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By Mike Johnson on 2020-04-27 11:00:00

On Saturday May 16th, fans will get to see a different side of All Elite Wrestling World Champion Jon Moxley as he steps inside the cage.  No, the former Dean Ambrose is not sliding into the MMA world, but will instead star in Cagefighter: Worlds Collide, a film that will have its official world premiere streaming for one night only on FITE.TV globally, including a big event style countdown show and exclusive post-screening Q&As for each time zone over the course of the day.  In this interview, conducted on April 23rd, Moxley discusses the film, All Elite Wrestling, future projects and much, much more.

Mike Johnson:
It is an interesting time in the world, but entertainment still moves on and entertainment is still there for us. There's going to be a very interesting event next month. Cagefighter: Worlds Collide will be premiering worldwide on, on the FITE app. And it is a most interesting movie.  Let's set the stage for it.  Cagefighter: Worlds Collide will tell the story of a MMA fighter who has perhaps the most important match of his life when he faces a pro wrestling superstar known as Randy Stone. Randy Stone will be portrayed by the current AEW World Heavyweight Champion, Jon Moxley, who is joining us right now. It's been a long time since we spoken to Moxley. Last time we spoke to him, he was working for WWE.   Obviously, there's been a lot that's happened in his life. So sir, first of all, I hope you and the family are well out in Nevada, and you're quarantining the best of your ability, and you're healthy. How are you doing this morning?

Jon Moxley:  Pretty good man. Yeah, we're just chilling out here. I haven't really left the immediate one mile radius of my house in, I guess, four weeks now. So I'm just kicking it.

Mike Johnson:  When you're a wrestler,  you're always on the road and you kind of live the gypsy lifestyle, has it been weird for you to kind of settle down in quarantine, or is it just like, I'm cool with this, let's do what we need to do.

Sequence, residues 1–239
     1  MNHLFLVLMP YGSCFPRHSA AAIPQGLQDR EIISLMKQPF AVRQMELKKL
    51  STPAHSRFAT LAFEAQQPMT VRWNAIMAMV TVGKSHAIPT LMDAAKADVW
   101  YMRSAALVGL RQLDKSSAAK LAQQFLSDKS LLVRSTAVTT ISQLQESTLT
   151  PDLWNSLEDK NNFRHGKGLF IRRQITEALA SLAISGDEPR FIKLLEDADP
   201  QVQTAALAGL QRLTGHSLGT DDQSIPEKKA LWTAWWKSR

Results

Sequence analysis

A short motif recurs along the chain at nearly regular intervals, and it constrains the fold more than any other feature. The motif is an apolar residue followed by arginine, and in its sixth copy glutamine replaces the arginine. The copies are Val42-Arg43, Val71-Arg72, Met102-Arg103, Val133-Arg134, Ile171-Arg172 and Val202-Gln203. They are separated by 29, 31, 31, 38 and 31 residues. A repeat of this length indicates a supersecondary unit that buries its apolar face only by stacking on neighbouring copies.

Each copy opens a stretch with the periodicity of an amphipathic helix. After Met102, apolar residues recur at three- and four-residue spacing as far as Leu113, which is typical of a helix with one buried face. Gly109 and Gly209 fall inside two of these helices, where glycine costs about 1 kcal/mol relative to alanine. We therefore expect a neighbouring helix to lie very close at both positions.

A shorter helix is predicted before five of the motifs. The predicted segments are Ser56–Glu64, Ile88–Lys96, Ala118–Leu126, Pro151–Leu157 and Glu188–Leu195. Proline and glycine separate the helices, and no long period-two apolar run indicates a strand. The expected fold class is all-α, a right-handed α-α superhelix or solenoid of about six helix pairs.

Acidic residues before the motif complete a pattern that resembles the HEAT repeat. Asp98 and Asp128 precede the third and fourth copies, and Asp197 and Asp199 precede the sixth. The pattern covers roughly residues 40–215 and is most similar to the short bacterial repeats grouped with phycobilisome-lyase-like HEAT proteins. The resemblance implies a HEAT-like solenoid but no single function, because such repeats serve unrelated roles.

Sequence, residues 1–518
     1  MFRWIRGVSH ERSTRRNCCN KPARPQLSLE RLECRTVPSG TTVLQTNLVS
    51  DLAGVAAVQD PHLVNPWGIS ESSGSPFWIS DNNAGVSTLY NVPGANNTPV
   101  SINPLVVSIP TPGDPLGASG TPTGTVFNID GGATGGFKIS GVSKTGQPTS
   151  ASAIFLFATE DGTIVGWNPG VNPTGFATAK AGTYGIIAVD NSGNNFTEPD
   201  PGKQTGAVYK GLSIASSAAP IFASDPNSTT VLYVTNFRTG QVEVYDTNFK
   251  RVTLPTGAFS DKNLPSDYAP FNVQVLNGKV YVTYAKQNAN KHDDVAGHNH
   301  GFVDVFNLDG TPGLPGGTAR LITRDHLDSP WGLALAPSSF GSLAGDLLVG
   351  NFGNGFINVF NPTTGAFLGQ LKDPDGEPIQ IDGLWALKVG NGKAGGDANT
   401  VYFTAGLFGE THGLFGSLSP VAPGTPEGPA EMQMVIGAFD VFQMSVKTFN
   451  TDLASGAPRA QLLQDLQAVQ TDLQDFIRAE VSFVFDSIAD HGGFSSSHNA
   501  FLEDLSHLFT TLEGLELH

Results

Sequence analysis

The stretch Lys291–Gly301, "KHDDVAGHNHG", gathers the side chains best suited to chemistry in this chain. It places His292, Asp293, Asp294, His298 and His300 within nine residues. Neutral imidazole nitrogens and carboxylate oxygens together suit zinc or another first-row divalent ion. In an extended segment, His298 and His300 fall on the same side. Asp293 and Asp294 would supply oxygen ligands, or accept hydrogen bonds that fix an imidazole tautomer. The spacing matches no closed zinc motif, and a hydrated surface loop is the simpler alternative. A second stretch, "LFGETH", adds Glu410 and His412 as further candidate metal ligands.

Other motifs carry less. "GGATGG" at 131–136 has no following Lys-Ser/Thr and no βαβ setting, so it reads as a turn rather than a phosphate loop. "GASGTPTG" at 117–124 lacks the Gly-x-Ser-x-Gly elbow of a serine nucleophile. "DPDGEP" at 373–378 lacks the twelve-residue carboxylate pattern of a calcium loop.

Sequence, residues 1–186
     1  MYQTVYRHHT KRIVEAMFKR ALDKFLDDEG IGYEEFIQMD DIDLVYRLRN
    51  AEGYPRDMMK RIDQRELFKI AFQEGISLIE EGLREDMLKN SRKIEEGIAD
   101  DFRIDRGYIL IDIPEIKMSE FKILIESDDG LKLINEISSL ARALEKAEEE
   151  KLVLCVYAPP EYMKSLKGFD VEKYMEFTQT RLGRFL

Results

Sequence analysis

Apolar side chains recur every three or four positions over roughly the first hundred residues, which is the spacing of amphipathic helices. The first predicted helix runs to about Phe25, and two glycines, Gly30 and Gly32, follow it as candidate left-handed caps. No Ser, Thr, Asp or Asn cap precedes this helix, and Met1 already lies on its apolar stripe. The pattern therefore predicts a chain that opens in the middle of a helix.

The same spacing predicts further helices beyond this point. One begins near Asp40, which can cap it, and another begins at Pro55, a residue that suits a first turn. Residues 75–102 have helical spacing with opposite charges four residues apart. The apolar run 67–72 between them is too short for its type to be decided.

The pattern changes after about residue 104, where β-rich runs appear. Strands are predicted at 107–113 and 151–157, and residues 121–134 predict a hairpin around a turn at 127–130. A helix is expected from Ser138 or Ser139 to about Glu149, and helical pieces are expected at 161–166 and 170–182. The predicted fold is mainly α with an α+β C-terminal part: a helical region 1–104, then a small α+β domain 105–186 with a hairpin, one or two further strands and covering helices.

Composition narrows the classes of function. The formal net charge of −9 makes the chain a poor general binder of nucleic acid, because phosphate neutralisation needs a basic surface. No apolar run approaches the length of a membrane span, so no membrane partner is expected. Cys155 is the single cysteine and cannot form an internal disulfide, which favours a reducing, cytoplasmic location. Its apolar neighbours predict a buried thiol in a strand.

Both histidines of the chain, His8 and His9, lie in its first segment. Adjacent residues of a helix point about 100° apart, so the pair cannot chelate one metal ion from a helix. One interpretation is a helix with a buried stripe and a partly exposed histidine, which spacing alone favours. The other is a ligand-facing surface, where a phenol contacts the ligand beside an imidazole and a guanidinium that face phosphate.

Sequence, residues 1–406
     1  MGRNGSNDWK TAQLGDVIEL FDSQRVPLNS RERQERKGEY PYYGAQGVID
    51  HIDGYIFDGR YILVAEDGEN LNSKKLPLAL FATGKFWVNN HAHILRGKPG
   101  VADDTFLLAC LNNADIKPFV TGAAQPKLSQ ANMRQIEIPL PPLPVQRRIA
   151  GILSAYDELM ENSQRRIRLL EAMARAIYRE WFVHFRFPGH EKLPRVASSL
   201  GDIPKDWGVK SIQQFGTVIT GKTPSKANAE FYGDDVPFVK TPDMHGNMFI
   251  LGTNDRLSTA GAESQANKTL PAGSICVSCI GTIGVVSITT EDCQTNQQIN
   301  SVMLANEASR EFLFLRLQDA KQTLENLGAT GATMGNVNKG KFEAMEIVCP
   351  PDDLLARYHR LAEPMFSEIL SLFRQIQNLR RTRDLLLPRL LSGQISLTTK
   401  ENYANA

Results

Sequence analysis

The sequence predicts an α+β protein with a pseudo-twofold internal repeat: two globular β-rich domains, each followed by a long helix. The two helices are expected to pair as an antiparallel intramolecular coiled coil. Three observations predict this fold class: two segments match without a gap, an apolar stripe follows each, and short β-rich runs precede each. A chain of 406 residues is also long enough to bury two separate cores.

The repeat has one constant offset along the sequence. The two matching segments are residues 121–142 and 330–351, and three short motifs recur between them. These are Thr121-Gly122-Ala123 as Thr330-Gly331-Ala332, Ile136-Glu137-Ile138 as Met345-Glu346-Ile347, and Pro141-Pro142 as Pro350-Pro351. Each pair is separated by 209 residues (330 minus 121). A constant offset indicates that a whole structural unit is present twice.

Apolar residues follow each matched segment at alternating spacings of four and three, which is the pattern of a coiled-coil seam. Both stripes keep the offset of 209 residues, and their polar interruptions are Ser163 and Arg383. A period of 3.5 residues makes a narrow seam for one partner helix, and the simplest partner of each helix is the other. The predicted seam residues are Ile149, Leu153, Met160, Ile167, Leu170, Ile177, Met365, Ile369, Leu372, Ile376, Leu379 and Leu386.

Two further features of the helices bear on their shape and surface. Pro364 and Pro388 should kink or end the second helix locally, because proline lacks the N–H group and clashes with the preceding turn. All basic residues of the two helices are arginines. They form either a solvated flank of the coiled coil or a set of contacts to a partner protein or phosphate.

Jon Moxley: It was pretty cool at first. I'm sorry, I'm not fully awake yet at this point. But yeah, it was pretty cool first because I was trying to just lean into like, hey, I've on the road for 300 days for however many years, so I'll just enjoy being home. It's not too bad. You do get a little stir crazy and bored or whatever like everybody does. But I can't even remotely begin to complain. I got a nice little set up here. I've been here with my wife for the last four weeks just hanging out, just doing business. So, it's been a boring and relaxing and nice. It's like everybody else in the world right now. I can't complain at all.

Mike Johnson:  On May 16th we're going to see the world premier of Cagefighter: Worlds Collide. You're going to be playing Randy Stone, a pro wrestler who goes into an MMA fight with the fighter Reiss Gibbons. So you've done some acting, you did a WWE Studios film, but this is obviously going to be a little bit more gritty, and probably a little bit more physical than doing 12 Rounds. Can you tell to us a little bit about the project, how you got involved, and what you're looking forward to about people being able to see of you in the film.

Jon Moxley: So right after, it may have been the next day, it was the day after or the next day after that my contract expired with WWE. I was kind of free to do whatever I wanted. I got a call from Christian, from the wrestler Christian, Jay Reso, who's in the movie. And was just like, "Hey, I'm the executive producer on this movie. And they're looking for somebody with a kind of name value in pro wrestling to play this part." And I was like, "That's interesting. Especially it's pretty interesting timing too."  So I was like, "Yeah, send me the script." And I read it, and I just texted him back immediately, and I was like, "I can play this guy for sure." So I just thought it seemed like it was kind of a sign or universe fate thing that it was something that was kind of meant for me to do. So I just jumped into it and it was pretty fun to do.   One of the cool things was Christian told them, because a lot of my lines and stuff where pro wrestling interviews, or talking trash, or hyping up the fight, or insulted my opponent. It's pro wrestling stuff like that. And it was all in the script. And he told them like, "Yeah, you should probably just let him kind of ad-lib a lot of that stuff because that's kind of what he does for living. And he's good at it, and would probably do it better than you would write it kind of thing. He knows what he's doing. Kind of let him ad-lib a little bit." So basically 90-some percent of the lines I have in the movie are ad-libs.